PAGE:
For many students, two-year colleges provide a chance to prepare for further education, to learn an occupational skill, or to change careers. Students who complete these two-year programs earn an Associate of Arts (AA) degree. You can most often transfer credits earned at a two-year college to a four-year college or university. Some courses of study lead to an Associate of Applied Science (AAS) degree. These are usually occupation-specific degrees (e.g., automotive technician). Some of the AAS degree coursework can be transferred to a four-year college, but some of it cannot.
These schools offer liberal arts subjects in addition to training in specific occupations, such as hotel management, auto mechanics, marketing, computer programming, or dental assisting. Most community colleges have remedial or developmental courses that can help you upgrade your basic academic skills, if needed.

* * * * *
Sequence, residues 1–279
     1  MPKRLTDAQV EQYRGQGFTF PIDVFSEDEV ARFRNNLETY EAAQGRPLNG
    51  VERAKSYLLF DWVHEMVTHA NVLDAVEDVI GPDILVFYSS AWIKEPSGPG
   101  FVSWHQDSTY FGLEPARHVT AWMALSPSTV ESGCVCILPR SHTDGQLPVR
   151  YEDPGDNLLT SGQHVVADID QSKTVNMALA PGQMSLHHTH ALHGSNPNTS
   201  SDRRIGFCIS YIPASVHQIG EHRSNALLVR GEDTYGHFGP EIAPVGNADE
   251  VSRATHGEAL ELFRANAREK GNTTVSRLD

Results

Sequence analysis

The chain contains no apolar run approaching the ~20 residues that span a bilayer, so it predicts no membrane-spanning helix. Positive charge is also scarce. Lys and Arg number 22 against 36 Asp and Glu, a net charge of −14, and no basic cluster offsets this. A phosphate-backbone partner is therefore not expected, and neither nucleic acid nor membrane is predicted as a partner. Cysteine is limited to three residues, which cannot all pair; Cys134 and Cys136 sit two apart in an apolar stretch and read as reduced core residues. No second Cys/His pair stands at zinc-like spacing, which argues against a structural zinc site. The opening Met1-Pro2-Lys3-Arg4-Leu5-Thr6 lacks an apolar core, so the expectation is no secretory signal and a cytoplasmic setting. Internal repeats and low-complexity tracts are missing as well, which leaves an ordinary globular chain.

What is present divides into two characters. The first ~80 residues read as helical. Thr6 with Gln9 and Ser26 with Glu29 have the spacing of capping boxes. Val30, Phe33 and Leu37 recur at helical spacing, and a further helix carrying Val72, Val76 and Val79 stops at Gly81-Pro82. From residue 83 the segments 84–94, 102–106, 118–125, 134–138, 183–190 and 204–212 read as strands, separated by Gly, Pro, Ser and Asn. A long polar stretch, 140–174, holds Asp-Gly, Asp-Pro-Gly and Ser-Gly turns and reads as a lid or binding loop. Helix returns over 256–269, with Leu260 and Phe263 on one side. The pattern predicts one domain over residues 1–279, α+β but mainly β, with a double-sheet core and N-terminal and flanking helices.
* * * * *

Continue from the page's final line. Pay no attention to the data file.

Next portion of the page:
Private Junior Colleges
Most private junior colleges are small, residential schools that prepare students for transfer to a four-year liberal arts college. Some private junior colleges offer occupational training. Entrance examinations are usually required, however, in many cases, work experience and extracurricular activities are also considered in the admissions process. Students who complete the two-year program earn an AA degree.
Four-year colleges and undergraduate university programs, including four-year technical schools, vary in tradition, size, admissions criteria, academic standards, course offerings, student population, location and cost. Students who complete a four-year course of study earn a Bachelor of Science (B.S.) or a Bachelor of Arts (B.A.) degree.
Most colleges or undergraduate universities will expect you to sample a variety of courses during your first two years. You will then be expected to focus on your major during your last two years. Although requirements for graduation differ widely from school to school, most colleges require that you earn a certain number of credits in English and in foreign languages.